2. The method of
claim 1
, wherein the request for information, the audio program identity information, and the requested information are delivered through the Internet.
3. The method of
claim 1
, wherein the information indicating the identity of the audio content consists of a unique radio appliance identifier and an indicator used to identify the radio station.
4. The method of
claim 1
, wherein the information indicating the identity of the audio content consists of a unique radio appliance identifier and a digitized form of the audio content.
5. The method of
claim 1
, wherein the requested information are details of a musical work.
6. The method of
claim 5
, wherein the details of a musical work include the identity of a musical work and the title of a CD that contains the musical work.
7. The method of
claim 5
, wherein the details of a musical work include purchasing information about the musical work.
8. The method of
claim 1
, wherein:
the audio content is an advertisement that encourages the listener to engage in a commercial transaction; and
the requested information is details about the commercial transaction.
9. The method of
claim 8
, wherein the details about the commercial transaction include product details.
10. The method of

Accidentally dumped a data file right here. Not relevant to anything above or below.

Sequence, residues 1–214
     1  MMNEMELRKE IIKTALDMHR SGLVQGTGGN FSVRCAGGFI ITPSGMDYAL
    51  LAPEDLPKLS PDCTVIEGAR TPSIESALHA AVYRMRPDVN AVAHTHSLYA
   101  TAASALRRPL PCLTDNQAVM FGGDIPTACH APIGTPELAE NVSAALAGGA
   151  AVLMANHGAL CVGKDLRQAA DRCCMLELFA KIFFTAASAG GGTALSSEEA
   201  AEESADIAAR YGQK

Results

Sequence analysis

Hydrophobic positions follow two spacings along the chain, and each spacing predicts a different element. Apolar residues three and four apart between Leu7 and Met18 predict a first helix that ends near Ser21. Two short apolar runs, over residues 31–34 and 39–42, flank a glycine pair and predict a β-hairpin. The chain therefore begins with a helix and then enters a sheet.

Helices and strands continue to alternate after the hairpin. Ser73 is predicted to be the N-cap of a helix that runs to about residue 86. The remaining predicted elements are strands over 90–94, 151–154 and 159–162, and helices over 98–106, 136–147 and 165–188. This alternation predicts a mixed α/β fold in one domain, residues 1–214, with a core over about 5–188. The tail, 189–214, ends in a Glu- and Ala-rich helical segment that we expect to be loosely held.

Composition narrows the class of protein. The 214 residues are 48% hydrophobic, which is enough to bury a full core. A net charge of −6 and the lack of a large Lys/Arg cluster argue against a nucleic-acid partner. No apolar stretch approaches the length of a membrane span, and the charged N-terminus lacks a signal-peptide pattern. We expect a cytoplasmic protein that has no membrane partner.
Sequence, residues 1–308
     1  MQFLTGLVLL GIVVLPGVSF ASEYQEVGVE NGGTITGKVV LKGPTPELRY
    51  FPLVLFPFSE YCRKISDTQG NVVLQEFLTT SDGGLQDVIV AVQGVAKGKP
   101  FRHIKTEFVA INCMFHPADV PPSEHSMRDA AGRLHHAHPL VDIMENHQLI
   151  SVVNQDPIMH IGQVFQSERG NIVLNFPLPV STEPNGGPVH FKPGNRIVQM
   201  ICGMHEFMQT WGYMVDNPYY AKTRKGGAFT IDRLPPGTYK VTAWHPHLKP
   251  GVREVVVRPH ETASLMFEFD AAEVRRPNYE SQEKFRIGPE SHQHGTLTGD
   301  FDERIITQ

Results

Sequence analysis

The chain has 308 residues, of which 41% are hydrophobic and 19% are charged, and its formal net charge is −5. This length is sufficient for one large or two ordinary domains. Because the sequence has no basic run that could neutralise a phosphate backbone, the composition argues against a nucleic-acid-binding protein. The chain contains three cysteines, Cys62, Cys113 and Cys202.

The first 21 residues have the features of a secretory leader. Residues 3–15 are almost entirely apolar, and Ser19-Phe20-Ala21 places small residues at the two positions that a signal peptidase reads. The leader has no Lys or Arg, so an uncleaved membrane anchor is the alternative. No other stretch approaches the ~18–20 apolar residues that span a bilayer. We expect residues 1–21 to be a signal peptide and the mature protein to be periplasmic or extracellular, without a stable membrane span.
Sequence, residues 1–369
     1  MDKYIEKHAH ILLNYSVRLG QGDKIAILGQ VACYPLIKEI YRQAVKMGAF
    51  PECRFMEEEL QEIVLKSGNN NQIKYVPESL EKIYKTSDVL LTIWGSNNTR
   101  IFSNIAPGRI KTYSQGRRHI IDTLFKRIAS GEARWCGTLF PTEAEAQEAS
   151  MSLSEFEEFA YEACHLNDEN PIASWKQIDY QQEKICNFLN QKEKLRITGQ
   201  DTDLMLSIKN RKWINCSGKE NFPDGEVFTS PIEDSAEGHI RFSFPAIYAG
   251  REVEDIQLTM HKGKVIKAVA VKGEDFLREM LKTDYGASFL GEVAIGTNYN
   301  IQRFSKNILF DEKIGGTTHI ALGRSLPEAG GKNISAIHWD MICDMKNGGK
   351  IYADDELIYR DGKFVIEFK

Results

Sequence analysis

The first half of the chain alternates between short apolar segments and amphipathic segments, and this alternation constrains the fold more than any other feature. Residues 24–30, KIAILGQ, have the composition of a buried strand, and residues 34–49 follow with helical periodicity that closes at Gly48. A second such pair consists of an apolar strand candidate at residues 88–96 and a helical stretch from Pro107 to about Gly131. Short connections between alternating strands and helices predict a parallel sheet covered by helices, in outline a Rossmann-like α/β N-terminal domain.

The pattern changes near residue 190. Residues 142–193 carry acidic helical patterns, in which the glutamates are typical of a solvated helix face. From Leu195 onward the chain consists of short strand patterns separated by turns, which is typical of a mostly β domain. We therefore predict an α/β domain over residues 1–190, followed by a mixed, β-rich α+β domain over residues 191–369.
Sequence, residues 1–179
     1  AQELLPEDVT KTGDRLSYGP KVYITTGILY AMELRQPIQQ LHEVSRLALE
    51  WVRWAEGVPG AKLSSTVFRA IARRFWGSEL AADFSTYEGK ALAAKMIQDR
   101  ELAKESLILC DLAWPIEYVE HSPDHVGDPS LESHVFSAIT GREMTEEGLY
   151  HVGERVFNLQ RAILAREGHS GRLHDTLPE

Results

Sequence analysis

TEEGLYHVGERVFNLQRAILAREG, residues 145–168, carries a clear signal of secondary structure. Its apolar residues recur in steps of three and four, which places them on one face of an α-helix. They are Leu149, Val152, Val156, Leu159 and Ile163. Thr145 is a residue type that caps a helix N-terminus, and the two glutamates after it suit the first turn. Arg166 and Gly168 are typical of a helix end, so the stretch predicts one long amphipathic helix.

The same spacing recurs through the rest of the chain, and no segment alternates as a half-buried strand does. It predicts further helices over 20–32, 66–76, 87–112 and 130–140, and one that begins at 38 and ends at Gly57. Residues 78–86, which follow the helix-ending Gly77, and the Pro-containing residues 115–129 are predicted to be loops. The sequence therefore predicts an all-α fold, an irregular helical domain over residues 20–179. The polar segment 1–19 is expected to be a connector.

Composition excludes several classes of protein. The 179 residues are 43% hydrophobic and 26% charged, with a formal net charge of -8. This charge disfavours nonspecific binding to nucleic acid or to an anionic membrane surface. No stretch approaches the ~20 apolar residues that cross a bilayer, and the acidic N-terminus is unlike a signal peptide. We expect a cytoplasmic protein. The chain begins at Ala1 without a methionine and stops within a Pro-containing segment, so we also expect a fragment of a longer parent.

claim 8
, wherein the details about the commercial transaction include s information about completing the commercial transaction.
11. The method of
claim 10
, further comprising the step of receiving a request to complete the commercial transaction encouraged by the advertisement.
12. The method of
claim 1
, wherein the step of receiving information indicating the identity of the audio content is done frequently enough to identify all the audio content being played on the radio appliance.
13. The method of
claim 12
, further comprising the step of receiving information indicating when the radio appliance has it's volume adjusted.
14. The method of
claim 12
, further comprising the step of receiving information indicating when the radio appliance is tuned to a different broadcast station.
15. The method of
claim 12
, further comprising the step of receiving information indicating when the radio appliance is turned off.